March 17, 2010

Hospital CEO cites factors in departure


— By

Staff Writer

Vincent Conti, president and CEO of Maine Medical Center, said Wednesday that he will leave his job in June because the hospital's trustees wanted to change the terms of his contract.

The issue was not driven by money, Conti said a day after his departure was made public by the trustees, but by ''organizational issues'' concerning his job.

''We have had extensive conversations and could not reach an agreement about changing some things that dated back, really, to the time I arrived 11 years ago,'' he said. ''I could not, and did not accept those changes.''

Conti said he felt compelled to mention the contract dispute, after it was left out of a five-sentence statement that the board released on Tuesday. He declined to say whether he was being fired or resigning, opting to use the word ''separation.''

A former board member and honorary trustee had spoken of friction between Maine Medical Center and its parent organization, MaineHealth, which includes smaller hospitals and physician practices around the state. But it was unclear whether those tensions played a role in a management shake-up, and Conti wouldn't comment on the issue.

Mark Harris, a Maine Med spokesman who is representing other hospital officials and the board, had no comment Wednesday about the circumstances of Conti's departure.

Maine Medical Center's chief operating officer, Richard Petersen, will take over for Conti when he leaves.

Conti said he understands that Petersen will assume the role permanently.

Asked to confirm whether the appointment will be permanent, Harris said he had no comment beyond the board's statement, which said Petersen will ''assume the responsibilities of the president and CEO at the medical center.''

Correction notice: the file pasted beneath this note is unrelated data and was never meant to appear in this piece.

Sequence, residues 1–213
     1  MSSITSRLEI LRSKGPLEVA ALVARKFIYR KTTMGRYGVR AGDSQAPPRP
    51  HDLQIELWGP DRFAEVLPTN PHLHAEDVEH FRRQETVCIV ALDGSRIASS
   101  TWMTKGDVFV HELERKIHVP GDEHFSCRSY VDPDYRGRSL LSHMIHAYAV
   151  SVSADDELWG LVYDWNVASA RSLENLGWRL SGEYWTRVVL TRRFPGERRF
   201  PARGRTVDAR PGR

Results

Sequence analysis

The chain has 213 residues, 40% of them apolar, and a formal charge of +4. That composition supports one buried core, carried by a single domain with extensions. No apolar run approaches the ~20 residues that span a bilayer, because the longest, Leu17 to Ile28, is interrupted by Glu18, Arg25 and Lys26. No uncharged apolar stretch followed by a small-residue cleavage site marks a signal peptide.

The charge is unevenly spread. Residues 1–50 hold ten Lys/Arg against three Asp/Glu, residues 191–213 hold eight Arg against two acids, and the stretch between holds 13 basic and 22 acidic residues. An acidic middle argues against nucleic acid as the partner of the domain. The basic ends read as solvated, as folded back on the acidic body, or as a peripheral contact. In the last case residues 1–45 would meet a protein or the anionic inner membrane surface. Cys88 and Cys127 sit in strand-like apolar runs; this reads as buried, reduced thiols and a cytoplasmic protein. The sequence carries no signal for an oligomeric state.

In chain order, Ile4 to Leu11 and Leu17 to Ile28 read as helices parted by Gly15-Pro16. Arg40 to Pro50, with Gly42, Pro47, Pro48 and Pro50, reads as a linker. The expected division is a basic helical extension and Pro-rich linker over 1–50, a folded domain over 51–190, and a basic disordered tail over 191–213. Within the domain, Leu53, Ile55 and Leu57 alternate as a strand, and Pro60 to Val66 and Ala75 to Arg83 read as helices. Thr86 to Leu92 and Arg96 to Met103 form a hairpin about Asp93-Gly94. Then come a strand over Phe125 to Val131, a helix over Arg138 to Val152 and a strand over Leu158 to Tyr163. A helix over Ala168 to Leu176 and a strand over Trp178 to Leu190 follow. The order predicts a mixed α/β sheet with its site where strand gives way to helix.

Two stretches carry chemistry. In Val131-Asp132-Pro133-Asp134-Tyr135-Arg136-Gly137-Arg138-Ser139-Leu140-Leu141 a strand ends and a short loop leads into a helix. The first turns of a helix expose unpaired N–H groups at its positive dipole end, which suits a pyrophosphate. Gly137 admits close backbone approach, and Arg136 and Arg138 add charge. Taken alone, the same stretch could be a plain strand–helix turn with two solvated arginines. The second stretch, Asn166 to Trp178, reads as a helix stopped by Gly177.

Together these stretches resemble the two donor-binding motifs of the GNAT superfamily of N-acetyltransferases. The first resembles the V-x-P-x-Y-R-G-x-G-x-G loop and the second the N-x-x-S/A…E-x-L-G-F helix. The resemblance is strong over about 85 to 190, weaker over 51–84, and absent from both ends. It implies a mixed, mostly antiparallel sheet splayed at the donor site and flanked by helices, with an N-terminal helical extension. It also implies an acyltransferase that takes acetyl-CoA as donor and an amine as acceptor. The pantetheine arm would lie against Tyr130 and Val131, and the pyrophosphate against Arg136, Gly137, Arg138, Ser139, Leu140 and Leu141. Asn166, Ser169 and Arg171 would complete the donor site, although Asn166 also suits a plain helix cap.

Conti, 59, said he will stay in his job until mid-June, after which he will devote his time to his wife, with whom he lives in Cape Elizabeth, and their two grown sons. One is a graduate student in environmental services at Yale University, and the other works in public relations in Boston, Conti said. He said he does not have a job lined up.

''It's obviously very bittersweet to leave because I'm very proud of what's happened while I was here,'' Conti said. ''The staff at every level of this place has responded to the call for measurable excellence. That's what I'm most proud of.''

The hospital, Maine's largest, employs 5,700 people and has an annual operating budget of about $650 million, Conti said. Since Conti arrived on the job in March 1997, the hospital has grown rapidly.

Maine Med's Bramhall campus in Portland is undergoing an expansion that includes a new birthing center and emergency department.

Several years ago, the hospital built a research center on its Scarborough campus that is billed as the largest in northern New England.

Conti said that, of the hospital's recent accomplishments, he is most proud of a plan to create a medical school program with Tufts University that will center on rural medicine and primary care, specialities that he said Maine sorely needs.

Staff Writer Josie Huang can be contacted at 791-6364 or at:

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